Preventing adhesions: A number of physical barriers have been developed for use during surgery to help prevent adhesions. However, these have had limited uptake in open surgery and are generally difficult to use in laparoscopic surgery. One key challenge is that these physical barriers (gels, sprays or film-like sheets placed between neighbouring organs in the peritoneal cavity) may reduce adhesions where they are placed, but do not prevent adhesions developing elsewhere in the abdomen. The ideal adhesion-reduction agent should be easy to use in all types of surgical procedure and capable of reducing adhesion formation at the operating site and throughout the peritoneum. Ongoing research suggests that Adept® (icodextrin 4%) may be closest to this ideal profile. A non-viscous liquid, Adept can be used for both open and laparoscopic surgery, and is compatible with a wide range of antibiotics used during and after surgery. Adept is simple to use, being instilled slowly at the end of surgical procedures and used during surgery as an irrigant. A 1.5 litre bag of Adept (enabling 500ml to be used during procedures with 1000ml remaining for instillation at the end of surgery) costs £44.00.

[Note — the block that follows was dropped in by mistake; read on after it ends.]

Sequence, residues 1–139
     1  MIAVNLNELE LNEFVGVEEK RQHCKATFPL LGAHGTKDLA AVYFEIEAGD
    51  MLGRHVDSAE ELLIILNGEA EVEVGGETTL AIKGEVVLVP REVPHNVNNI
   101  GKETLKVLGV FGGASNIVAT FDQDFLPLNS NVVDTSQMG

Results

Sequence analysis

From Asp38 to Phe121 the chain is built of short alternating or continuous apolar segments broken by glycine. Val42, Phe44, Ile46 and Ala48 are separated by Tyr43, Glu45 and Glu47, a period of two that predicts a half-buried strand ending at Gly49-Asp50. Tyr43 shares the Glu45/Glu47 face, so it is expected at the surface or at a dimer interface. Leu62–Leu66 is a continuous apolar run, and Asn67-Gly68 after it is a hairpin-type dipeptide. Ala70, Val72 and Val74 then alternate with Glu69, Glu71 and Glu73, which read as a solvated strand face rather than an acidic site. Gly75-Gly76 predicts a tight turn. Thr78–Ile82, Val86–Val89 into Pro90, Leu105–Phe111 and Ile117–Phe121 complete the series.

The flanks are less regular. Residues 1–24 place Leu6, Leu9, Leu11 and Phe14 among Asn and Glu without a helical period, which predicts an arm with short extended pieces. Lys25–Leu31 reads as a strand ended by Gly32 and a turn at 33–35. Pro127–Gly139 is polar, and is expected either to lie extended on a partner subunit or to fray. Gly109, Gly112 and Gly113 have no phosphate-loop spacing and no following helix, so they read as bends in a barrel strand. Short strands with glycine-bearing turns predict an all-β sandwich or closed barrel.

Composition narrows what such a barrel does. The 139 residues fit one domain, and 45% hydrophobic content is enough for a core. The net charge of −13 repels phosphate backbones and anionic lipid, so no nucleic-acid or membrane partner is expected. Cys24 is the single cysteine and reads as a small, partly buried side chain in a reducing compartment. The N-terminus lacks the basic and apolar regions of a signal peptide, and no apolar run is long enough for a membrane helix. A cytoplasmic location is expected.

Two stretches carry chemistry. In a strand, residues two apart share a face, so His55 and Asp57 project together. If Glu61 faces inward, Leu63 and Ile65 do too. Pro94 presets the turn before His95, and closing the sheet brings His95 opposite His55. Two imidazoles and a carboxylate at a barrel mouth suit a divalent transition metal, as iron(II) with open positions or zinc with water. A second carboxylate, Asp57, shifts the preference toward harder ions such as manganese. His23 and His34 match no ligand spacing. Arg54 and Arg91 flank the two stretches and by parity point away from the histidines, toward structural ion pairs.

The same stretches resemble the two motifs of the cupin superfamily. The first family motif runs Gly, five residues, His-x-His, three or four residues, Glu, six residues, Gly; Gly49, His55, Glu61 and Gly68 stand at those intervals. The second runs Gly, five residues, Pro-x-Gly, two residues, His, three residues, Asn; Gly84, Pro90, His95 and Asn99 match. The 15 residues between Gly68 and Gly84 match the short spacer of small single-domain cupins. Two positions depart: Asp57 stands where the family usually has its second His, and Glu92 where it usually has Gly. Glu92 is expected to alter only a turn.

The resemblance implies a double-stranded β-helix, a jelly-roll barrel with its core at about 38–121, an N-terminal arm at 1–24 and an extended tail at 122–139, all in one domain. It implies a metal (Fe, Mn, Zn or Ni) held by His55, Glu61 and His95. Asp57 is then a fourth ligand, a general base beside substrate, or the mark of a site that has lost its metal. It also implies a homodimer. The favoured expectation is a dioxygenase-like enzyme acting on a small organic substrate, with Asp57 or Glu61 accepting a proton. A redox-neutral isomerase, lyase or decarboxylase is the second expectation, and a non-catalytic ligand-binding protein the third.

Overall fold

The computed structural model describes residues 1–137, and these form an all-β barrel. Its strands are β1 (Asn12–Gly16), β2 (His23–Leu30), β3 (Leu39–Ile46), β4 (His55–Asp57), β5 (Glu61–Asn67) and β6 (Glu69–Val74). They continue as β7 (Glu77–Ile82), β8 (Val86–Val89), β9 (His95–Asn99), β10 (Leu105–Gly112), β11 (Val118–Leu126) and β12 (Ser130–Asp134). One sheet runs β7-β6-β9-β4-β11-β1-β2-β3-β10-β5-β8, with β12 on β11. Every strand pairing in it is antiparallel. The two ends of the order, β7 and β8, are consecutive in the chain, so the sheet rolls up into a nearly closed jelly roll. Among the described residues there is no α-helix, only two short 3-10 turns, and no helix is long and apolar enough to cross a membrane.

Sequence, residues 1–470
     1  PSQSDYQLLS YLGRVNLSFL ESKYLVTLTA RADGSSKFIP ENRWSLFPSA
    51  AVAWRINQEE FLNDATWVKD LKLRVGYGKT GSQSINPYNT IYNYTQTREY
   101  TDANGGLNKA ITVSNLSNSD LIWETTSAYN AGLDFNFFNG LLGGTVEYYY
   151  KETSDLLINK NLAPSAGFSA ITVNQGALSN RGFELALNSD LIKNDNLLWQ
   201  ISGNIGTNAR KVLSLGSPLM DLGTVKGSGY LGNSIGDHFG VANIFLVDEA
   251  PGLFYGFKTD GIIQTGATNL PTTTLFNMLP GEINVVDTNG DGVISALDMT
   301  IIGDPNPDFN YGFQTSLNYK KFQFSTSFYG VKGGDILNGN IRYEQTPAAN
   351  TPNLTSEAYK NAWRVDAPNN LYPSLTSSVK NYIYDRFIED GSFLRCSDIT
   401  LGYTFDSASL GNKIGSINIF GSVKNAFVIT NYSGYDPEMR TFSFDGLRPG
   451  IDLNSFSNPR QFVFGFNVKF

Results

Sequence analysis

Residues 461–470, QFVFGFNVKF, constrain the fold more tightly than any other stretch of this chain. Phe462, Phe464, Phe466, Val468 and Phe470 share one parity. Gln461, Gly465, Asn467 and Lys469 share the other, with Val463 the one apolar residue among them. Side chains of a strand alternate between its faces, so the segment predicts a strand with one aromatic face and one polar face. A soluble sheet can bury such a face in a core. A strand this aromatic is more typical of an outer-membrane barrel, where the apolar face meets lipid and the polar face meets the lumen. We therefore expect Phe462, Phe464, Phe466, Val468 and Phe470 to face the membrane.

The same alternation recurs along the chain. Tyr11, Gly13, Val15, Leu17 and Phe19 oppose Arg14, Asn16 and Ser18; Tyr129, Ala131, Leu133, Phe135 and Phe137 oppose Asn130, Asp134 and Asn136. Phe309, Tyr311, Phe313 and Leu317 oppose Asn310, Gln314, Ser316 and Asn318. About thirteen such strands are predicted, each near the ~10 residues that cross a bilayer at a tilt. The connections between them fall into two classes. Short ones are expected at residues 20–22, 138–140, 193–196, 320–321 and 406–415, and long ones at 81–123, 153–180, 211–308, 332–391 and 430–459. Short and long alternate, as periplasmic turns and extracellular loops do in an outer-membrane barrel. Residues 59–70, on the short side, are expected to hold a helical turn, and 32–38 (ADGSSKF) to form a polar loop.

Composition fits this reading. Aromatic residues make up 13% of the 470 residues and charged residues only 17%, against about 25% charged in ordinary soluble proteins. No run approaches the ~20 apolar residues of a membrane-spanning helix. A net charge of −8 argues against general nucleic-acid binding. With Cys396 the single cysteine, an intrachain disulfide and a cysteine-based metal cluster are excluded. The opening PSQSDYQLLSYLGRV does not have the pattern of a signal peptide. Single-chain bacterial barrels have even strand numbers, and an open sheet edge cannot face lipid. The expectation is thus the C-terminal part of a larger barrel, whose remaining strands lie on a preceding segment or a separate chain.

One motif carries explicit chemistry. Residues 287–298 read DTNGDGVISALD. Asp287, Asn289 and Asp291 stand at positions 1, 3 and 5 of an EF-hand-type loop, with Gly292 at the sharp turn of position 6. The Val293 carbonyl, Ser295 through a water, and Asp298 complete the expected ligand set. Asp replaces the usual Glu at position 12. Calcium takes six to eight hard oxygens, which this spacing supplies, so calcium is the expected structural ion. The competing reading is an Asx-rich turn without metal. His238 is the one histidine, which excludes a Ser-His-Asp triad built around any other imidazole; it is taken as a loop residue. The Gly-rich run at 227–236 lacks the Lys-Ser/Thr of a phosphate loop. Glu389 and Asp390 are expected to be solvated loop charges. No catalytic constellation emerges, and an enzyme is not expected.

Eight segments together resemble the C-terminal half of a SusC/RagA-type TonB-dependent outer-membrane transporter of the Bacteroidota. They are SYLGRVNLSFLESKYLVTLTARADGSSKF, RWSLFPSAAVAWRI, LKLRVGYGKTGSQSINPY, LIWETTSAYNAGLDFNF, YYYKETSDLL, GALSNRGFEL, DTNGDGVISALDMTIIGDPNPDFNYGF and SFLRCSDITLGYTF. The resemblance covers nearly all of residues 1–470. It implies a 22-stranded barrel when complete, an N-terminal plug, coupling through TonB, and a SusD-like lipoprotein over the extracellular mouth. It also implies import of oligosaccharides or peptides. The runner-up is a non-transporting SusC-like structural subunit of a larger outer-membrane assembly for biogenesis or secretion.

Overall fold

*The Scottish morbidity record system was used as the basis for both the SCAR2-feasibility study and the original SCAR study in 1986. It was selected because it is a robust system to track the progress of patients through the health service.

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1. Adhesion-related readmissions following gynaecological laparoscopy or gynaecological laparotomy in Scotland. An epidemiological study of 24,046 patients. A Lower, R Hawthorn, D Clark, A Knight and A Crowe on behalf of the SCAR panel. Presented at the 19th Annual Meeting of the European Society of Human Reproduction and Embryology, Madrid, Spain, 1 July 2003.
2. Menzies D, Ellis H. Intestinal obstruction from adhesions - how big is the problem? Ann R Coll Surg Engl 1990; 72:60-3
3. Hershlag A, Diamond MP, DeCherney AH. Adhesiolysis. Clin Obstet Gynecol 1991; 34: 395-402
4. Lower AM, Hawthorn RJS, Ellis H et al. The impact of adhesions on hospital readmissions over ten years after 8489 open gynaecological operations: an assessment from the Surgical and Clinical Adhesions Research Study. Br J Obstet Gynaecol. 2000; 1071.(7): 855-862.

Resolute Communications